BY THE VILLAGE SUN | A new and growing grassroots advocacy group is calling on local politicians to take steps to ensure citizens’ safety and “rein in the chaos caused by out-of-control e-bike riders” — including requiring all e-bikes to be licensed, registered, inspected and insured.
The new group, E-Vehicle Safety Alliance a.k.a. EVSA-NYC, will hold what it’s billing as a town hall meeting on “electric vehicle safety and accountability” on Wed., Sept. 27, at the Church of the Good Shepherd, at 240 E. 31st St., in Kips Bay, from 6:30 p.m. to 8 p.m. However, the meeting, in fact, is specifically intended for the group’s many members — to share their concerns with legislators and offer suggestions on addressing the issues — not as a forum for the wider public.
According to EVSA-NYC, New York City’s streets and sidewalks have become a “Wild West” due to the proliferation of unregulated e-bikes, scooters, mopeds and motorcycles that “operate with no accountability or regard for the law.
“Collisions involving e-bikes and pedestrians, traditional bicycle riders and even cars and buses occur on a near daily basis and pose a constant danger,” EVSA-NYC said in a press release announcing the town hall.
Local politicians, New York Police Department top brass and crash victims who have been seriously injured will come together at the town hall to discuss possible legislative measures to ensure New Yorkers’ safety — including requiring all e-bikes to be licensed, registered, inspected and insured through a reclassification system.
Confirmed attendees include Assemblymembers Harvey Epstein and Alex Bores; City Councilmember Robert Holden; state Senator Liz Krueger; N.Y.P.D. Assistant Chief Kevin Williams, commanding officer of Patrol Service Bureau, Queens South; and N.Y.P.D. Sergeant Losada from the Office of Chief of Patrol. The event will be moderated by Janet Schroeder, a co-founder of EVSA-NYC.
Schroeder said the meeting is not really open to the public since it’s essentially for EVSA-NYC members.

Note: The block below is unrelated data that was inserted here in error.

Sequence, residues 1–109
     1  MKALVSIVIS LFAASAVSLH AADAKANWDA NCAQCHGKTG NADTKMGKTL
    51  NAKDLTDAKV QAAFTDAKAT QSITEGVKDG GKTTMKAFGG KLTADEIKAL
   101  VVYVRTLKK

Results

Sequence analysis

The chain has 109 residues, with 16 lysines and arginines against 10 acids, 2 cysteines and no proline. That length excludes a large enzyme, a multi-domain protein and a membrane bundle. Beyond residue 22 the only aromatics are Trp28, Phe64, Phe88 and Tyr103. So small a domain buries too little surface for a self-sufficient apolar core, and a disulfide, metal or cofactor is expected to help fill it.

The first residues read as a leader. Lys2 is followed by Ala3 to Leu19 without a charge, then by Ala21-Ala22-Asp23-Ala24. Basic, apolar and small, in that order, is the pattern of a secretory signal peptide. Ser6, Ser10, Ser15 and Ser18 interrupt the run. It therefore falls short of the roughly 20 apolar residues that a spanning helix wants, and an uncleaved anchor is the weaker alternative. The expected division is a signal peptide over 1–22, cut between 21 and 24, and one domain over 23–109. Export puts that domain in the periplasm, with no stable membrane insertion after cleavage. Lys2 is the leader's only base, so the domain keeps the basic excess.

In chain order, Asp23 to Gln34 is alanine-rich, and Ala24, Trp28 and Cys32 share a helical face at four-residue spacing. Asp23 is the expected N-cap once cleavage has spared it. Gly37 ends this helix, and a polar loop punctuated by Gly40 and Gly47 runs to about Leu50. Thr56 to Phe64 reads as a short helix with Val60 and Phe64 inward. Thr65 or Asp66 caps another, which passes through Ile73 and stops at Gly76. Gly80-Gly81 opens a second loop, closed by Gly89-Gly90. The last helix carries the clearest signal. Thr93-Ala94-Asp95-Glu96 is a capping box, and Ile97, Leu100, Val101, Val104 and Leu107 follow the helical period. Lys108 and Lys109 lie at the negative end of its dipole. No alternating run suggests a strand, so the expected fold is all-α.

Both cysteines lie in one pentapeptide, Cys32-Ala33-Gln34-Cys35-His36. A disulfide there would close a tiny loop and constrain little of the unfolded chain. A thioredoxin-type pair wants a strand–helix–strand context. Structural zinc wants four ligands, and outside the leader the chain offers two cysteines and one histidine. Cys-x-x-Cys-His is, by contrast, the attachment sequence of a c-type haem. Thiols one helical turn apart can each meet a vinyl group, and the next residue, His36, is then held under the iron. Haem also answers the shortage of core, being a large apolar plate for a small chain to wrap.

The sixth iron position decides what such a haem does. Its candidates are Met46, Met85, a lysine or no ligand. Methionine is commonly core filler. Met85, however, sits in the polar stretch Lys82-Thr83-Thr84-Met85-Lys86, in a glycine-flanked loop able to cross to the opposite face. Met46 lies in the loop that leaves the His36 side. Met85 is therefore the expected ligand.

“It is for our EVSA members, legislators and press,” she said. “The church seats 225 and there are probably that many EVSA members coming. This is our opportunity to have legislators hear from our victims and to hear EVSA’s suggestions and discuss these with the legislators.”
Councilmember Holden is the prime sponsor of a piece of legislation, Intro 758, to modify the New York City administrative code to require that e-bikes, e-scooters and “other legal motorized vehicles” — either electric or gas powered that cannot be registered with the state Department of Motor Vehicles — be licensed, registered and sport actual license plates. Intro 758 currently has 27 co-sponsors, including Erik Bottcher, constituting a majority of the City Council.
An invitation to the town hall has been extended to a spokesperson for the family of Patricia Loke, 69, the longtime Chinatown Head Start teacher fatally struck by an electric CitiBike on Sept. 5 at the chaotic intersection of Grand and Chrystie Streets. Police spoke to the cyclist who hit her but then allowed him to leave the scene without recording his name or information. Loke’s family members say they want information from police about exactly what happened and why the man was allowed to leave the scene.
EVSA-NYC’s membership currently includes more than 550 New Yorkers, who, according to the group, are “advocating to make the city’s streets, sidewalks and parks safe and free from dangerous e-vehicle drivers.” The group’s members include more than 50 victims of crashes.
The city’s bicycle lane network — after years of hard-fought lobbying by cycling advocates — was built out to serve pedal-powered bikes. Today, however, the bike lanes are increasingly dominated by much faster-moving electric vehicles, including — along with commuters and recreational bikers — an army of e-bike delivery persons speeding tacos and hamburgers to couch-potato cell-phone jockeys. In addition, CitiBike, which initially launched here in 2013 with only pedal-powered bikes, in recent years has been increasing the number of its popular e-bikes on the streets.